The long, war-torn, four hundred-year period, from the mid-twelfth century through the Kamakura (1185-1333) and Muromachi (1336-1573), to the mid-sixteenth periods is often described as Japan’s medieval age, chûsei . Recently, some scholars have suggested that the Kamakura period should be seen as a continuation of the Heian period and that Japan’s medieval age only really develops in the fourteenth century. Here we will follow the older view and include the Kamakura period within the “medieval” centuries.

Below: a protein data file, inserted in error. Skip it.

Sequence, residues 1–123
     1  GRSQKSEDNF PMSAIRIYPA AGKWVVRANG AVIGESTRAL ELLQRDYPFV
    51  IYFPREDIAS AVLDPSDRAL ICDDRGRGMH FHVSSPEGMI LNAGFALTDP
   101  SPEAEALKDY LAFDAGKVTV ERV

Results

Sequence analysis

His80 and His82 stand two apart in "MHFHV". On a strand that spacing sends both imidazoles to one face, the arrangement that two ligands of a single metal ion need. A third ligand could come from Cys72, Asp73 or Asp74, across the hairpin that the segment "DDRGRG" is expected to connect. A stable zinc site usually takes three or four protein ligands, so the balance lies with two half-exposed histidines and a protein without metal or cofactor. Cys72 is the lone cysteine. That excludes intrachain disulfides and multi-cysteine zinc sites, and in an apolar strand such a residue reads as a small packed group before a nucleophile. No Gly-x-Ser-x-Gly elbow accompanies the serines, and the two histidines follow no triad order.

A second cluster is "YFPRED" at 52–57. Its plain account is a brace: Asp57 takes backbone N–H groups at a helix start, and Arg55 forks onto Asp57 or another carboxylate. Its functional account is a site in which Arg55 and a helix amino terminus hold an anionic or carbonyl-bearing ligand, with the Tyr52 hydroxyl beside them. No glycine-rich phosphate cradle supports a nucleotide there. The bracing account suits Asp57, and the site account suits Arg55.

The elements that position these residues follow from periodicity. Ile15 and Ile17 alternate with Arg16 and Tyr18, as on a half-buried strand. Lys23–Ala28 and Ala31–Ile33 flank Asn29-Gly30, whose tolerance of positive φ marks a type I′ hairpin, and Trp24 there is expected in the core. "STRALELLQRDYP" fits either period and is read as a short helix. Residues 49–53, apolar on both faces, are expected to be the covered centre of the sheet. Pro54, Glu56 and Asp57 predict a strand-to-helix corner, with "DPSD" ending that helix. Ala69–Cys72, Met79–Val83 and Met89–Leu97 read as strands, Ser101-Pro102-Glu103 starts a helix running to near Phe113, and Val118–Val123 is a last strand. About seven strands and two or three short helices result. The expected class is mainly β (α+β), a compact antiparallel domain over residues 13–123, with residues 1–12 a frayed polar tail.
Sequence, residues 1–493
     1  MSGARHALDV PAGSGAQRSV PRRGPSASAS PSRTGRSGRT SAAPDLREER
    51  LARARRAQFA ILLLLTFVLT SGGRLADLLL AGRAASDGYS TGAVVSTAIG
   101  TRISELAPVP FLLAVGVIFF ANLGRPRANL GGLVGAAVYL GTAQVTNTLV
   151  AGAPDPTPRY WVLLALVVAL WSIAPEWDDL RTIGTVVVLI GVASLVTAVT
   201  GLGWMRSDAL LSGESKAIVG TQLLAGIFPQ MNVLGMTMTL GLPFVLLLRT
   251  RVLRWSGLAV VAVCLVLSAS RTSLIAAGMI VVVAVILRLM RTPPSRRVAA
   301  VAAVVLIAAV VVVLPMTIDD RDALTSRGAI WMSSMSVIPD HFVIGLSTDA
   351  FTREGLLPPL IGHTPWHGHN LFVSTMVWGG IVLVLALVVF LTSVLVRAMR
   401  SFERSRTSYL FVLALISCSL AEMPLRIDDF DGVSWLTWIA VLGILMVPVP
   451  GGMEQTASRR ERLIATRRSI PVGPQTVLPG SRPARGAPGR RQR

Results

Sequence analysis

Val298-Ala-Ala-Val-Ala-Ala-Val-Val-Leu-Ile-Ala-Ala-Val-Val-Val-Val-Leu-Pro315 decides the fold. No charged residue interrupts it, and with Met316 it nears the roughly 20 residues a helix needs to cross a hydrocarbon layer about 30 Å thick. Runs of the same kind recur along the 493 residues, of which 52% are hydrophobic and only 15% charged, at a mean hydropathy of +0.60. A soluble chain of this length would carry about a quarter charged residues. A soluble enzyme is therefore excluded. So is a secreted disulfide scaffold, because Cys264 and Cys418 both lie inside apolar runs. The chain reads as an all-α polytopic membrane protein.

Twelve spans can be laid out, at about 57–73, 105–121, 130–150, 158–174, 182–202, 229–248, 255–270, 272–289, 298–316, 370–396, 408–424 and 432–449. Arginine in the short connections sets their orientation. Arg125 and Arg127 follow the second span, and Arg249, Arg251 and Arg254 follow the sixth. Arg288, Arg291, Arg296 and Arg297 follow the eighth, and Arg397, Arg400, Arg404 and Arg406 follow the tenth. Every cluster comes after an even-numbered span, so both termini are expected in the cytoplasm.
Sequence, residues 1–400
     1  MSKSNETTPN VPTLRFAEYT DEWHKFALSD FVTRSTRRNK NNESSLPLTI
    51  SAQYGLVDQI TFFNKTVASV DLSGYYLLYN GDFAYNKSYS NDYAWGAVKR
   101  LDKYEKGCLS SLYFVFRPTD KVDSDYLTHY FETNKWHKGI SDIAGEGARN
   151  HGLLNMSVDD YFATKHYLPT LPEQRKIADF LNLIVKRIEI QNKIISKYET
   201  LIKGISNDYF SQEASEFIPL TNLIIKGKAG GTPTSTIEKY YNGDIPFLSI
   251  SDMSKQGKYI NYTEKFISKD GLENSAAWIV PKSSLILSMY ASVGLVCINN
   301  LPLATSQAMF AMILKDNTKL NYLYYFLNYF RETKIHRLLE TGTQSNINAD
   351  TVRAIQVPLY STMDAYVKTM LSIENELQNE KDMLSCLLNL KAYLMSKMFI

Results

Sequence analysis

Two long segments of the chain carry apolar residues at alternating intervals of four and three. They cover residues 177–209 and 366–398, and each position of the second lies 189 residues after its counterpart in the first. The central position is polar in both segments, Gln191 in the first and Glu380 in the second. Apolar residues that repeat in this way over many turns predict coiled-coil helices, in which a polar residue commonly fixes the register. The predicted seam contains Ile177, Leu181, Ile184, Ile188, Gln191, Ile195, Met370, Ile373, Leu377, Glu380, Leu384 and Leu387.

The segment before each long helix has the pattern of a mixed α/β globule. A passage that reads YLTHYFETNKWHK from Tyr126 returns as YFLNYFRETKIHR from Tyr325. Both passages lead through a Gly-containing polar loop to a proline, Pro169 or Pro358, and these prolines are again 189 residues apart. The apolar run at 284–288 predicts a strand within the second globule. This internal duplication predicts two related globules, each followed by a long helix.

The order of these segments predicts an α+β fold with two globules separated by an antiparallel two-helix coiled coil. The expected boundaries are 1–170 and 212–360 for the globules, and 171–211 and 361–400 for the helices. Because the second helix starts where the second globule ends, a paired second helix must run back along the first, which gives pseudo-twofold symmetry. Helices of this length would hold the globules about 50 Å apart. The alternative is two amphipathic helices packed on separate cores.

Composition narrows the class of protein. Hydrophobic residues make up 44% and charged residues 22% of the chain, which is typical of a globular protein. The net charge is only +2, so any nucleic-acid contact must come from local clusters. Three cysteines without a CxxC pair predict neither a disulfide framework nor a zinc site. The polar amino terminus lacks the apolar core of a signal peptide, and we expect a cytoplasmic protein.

The Kamakura Period (1185-1333) is an era in Japanese history that takes its name from the garrison town of Kamakura on Sagami Bay in central Honshu, not far from modern Tokyo. Although the imperial court in Heian continued to claim authority, Kamakura was the seat of the warrior government known as the Kamakura bakufu, which dominated the political life of Japan during the period. The Kamakura bakufu was the first in a series of warrior regimes that governed Japan until the mid-nineteenth century. Thus, the Kamakura period is generally viewed as the formative phase in the development of warrior government in Japan. It is also commonly seen as the early phase of what is frequently described as a medieval society (chûsei) in Japan, although some historians prefer to view the Kamakura period as an extension of the ancient period. They tend to date the opening of Japan’s medieval age from the fourteenth century.